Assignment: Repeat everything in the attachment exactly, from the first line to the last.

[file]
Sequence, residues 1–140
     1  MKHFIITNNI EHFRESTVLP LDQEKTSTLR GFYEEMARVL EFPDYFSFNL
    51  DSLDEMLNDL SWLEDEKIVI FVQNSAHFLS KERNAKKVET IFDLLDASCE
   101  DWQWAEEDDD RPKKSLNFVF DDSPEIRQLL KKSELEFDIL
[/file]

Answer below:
Sequence, residues 1–140
     1  MKHFIITNNI EHFRESTVLP LDQEKTSTLR GFYEEMARVL EFPDYFSFNL
    51  DSLDEMLNDL SWLEDEKIVI FVQNSAHFLS KERNAKKVET IFDLLDASCE
   101  DWQWAEEDDD RPKKSLNFVF DDSPEIRQLL KKSELEFDIL